They just didn't think it was important. One problem, Carynnyk said, was that producer Slawko Nowitski faced an impossible five-month deadline to ready the film during the famine's 50th anniversary. In fact, Harvest of Despair would not be completed until late But the researcher believes it was more than mere sloppiness at work. In October , Carynnyk left the project -- "relieved of his duties," according to Nowitsky, "because he did not produce the required material.
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The show stopped cold when Doug Tottle, former editor of a Winnipeg labor magazine, stood up and declared that "90 per cent" of the film's archival photographs were plagiarized from the famine. Tottle traced several of the most graphic photos, including that of the starving girl, to famine relief sources of the s.
Other pictures were lifted from the edition of Human Life in Russia , by Ewald Ammende, an Austrian relief worker in the earlier Volga famine.
Ammende attributes them to a "Dr. Dittloff," a German engineer who supposedly took the photos in the summer of The Dittloff pictures have their own bastard pedigrees --three from Geneva-based relief bulletins, others from Nazi publications. Still other Dittloffs were also claimed as original by Robert Green, a phony journalist and escaped convict who provided famine material to the profascist Hearst chain in Green, a convicted forger who used the alias "Thomas Walker," reported that he took the photos in the spring of -- almost a year after the Ukraine famine had ended, and in direct contradiction of Dittloff.
Tottle had done his homework. Carynnyk confirmed that "very few" photos in Harvest of Despair could be authenticated, and that none of the famine film footage was from But the Ukrainian Famine Research Committee decided to stonewall. At first they insisted that any photos from the s were used only when the film discussed the Volga famine -- a blatant evasion, since that segment lasts a scant 28 seconds and uses only two still photos, neither especially potent. Committee chairman Wasyl Janischewskyj recently softened that stance: "We have researched further and made discoveries that some photos we thought were from were not We are now having further deep investigations of these pictures.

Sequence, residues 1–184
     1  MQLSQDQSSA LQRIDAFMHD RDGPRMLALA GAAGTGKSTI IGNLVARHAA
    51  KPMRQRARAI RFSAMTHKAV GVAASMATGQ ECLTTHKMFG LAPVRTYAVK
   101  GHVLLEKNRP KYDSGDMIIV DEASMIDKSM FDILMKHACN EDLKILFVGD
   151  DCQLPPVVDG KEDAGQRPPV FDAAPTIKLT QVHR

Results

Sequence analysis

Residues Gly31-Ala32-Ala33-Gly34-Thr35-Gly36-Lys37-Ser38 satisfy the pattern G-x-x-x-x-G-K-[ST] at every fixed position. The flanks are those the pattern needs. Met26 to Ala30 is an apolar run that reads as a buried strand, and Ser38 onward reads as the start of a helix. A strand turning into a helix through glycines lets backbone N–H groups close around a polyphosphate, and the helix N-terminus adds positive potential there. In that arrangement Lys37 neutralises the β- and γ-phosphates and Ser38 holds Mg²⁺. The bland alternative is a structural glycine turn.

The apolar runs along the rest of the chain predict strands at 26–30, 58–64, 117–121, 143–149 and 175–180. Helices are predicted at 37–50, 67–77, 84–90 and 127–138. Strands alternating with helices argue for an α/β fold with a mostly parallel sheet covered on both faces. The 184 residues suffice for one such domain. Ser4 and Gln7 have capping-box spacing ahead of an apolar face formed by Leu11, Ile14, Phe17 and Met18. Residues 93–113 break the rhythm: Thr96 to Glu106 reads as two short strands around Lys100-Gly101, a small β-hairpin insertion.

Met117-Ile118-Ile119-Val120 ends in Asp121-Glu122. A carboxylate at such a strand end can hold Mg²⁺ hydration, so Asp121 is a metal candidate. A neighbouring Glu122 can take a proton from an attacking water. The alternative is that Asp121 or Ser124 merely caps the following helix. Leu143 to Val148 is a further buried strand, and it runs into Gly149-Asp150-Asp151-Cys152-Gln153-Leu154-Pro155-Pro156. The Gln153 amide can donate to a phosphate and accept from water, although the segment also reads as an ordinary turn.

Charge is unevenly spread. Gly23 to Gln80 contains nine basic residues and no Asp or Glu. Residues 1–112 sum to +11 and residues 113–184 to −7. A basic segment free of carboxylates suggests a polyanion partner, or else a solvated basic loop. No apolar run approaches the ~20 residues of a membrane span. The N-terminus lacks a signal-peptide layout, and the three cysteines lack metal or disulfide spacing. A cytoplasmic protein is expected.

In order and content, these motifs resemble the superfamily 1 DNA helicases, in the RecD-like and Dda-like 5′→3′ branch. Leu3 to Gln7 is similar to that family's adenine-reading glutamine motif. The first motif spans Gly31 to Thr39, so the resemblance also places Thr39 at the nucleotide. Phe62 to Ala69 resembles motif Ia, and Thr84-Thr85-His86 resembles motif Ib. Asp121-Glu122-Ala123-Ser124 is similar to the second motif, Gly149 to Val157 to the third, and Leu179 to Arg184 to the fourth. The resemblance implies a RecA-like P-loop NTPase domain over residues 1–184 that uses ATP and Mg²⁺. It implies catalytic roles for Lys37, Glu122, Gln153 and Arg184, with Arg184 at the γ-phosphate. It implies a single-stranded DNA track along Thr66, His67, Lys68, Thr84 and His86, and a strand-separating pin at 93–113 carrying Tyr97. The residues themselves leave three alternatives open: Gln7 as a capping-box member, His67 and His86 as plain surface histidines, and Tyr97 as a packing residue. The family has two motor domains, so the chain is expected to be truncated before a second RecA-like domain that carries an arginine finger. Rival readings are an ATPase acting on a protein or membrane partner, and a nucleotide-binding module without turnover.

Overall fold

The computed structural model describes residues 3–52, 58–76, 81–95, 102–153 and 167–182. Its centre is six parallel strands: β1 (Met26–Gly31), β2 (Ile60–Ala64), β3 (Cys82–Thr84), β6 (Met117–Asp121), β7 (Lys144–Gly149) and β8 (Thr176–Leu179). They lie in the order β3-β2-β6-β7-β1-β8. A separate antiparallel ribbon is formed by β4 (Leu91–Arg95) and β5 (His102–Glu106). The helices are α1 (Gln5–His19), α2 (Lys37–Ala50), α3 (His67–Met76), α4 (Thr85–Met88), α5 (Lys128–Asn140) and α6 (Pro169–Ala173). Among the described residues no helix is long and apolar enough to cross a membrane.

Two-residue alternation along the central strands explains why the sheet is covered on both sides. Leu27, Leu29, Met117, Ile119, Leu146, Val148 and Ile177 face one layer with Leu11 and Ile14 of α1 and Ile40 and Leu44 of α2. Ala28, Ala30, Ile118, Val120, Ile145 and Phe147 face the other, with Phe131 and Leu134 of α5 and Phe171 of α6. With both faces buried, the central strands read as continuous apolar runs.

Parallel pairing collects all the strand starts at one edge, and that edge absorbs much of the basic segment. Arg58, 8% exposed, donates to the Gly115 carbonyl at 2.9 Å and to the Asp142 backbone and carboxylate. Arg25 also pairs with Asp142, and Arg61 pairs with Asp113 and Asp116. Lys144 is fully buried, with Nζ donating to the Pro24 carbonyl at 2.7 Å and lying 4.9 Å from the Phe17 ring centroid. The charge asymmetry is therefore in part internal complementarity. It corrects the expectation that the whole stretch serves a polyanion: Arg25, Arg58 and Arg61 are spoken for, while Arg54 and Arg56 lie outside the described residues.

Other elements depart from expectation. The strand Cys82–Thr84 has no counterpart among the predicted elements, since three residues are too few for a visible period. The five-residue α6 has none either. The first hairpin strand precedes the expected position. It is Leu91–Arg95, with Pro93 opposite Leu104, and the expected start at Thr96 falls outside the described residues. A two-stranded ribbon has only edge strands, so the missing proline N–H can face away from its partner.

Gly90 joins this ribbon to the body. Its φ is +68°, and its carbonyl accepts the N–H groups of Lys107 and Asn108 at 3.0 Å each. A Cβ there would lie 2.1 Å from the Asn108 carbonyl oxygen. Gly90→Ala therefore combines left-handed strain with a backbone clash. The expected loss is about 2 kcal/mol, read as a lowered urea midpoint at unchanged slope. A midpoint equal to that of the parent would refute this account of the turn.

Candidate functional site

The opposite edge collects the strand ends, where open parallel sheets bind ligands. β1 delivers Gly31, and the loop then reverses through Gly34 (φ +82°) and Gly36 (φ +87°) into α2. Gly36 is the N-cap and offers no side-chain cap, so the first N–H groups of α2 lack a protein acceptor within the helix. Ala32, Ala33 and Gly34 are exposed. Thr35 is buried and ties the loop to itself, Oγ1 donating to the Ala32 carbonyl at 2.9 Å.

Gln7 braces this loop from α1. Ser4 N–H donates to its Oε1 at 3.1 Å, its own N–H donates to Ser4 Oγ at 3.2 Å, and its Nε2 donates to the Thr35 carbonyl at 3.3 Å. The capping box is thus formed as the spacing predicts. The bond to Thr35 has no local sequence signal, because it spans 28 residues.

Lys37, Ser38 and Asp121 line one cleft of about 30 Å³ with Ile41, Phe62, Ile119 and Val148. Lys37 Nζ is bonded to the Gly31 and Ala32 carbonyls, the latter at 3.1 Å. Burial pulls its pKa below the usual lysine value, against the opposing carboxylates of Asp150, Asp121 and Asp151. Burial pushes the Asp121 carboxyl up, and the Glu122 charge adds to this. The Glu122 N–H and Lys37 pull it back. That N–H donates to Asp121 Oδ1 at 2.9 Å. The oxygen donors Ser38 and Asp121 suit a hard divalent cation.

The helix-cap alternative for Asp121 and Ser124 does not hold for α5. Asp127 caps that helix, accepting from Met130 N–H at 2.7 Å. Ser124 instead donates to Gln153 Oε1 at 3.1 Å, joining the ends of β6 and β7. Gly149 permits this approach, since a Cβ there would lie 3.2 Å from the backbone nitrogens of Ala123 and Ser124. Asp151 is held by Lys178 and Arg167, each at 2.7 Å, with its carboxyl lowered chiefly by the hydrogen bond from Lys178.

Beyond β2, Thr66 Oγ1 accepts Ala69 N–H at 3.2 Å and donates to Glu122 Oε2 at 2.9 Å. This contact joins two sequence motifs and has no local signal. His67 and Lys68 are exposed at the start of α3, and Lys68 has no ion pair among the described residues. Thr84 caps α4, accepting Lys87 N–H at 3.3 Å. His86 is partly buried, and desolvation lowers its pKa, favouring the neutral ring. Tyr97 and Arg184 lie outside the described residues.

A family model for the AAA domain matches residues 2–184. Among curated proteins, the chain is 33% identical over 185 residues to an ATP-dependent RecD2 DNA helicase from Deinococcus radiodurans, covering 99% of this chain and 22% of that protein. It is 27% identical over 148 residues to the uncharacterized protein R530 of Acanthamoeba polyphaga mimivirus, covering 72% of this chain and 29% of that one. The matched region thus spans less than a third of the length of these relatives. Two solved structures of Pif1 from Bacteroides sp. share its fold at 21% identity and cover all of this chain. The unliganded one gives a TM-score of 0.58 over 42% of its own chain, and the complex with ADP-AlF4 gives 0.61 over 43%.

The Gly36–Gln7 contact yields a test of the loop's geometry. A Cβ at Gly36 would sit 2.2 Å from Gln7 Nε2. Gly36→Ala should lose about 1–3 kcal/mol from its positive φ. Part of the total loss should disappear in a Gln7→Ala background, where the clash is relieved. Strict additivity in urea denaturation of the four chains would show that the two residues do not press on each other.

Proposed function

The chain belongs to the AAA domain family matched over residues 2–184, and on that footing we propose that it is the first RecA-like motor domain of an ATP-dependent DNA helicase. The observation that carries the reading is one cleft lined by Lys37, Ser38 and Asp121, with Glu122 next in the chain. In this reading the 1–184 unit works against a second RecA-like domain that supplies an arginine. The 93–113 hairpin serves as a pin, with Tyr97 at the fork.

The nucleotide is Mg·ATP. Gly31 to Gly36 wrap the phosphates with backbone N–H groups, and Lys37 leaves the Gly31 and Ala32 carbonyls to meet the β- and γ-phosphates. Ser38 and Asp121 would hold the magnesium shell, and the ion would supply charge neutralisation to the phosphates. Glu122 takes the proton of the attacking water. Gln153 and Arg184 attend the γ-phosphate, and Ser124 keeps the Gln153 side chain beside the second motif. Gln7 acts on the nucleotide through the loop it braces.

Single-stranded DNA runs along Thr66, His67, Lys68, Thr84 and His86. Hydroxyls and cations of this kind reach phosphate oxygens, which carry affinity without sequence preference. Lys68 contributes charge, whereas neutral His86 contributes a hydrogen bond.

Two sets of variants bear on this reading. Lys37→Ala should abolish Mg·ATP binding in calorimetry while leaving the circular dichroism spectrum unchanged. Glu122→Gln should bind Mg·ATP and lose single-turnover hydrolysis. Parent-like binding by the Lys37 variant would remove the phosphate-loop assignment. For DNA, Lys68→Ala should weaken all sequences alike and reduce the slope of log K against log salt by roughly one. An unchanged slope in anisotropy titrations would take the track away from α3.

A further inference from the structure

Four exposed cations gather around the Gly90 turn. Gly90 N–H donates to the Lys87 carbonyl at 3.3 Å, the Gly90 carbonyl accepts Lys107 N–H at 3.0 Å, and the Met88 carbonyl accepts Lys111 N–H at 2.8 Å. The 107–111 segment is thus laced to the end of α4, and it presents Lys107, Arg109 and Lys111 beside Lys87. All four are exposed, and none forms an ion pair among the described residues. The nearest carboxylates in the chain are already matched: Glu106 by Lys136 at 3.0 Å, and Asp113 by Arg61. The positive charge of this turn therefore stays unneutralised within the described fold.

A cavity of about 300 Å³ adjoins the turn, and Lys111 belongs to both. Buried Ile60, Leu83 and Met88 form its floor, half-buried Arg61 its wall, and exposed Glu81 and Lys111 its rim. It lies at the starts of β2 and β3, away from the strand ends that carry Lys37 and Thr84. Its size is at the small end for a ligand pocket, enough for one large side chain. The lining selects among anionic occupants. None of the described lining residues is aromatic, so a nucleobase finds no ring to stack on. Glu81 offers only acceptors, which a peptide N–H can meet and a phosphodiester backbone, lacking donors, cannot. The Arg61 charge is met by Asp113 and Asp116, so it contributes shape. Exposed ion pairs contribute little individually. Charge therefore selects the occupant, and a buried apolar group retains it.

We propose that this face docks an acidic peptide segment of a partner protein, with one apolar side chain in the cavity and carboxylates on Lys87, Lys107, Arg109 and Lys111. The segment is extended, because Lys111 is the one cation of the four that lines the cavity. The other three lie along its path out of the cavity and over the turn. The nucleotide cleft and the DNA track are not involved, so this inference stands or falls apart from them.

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In the main, however, the filmmakers have sought to justify their fraud. Starving children are starving children. His book on the subject, Fraud, Famine, and Fascism, will be published this fall by Toronto's Progressive Books, an outlet for Soviet releases.
Nor have the nationalists refuted Tottle's contention that several "witnesses" in the film were Nazi collaborators, including two German diplomats who served in the Third Reich and an Orthodox Church layman who blessedly rose to bishop while the Third Reich occupied the Ukraine in Just because they're Nazis is no reason to doubt the authenticity of what happened. Soviet sources are rejected out of hand, while Nazi sources or known liars like Walker and Dittloff are accepted unconditionally. Harvest of Despair follows unholy footsteps, and never breaks stride.
It was heady, hands-on work for a young writer, a chance to slant media coverage of Russia by adding political "spin" to Eastern bloc press releases and funneling them to top reporters. The journalists knew little about the IRD, beyond the names of their mysterious contacts.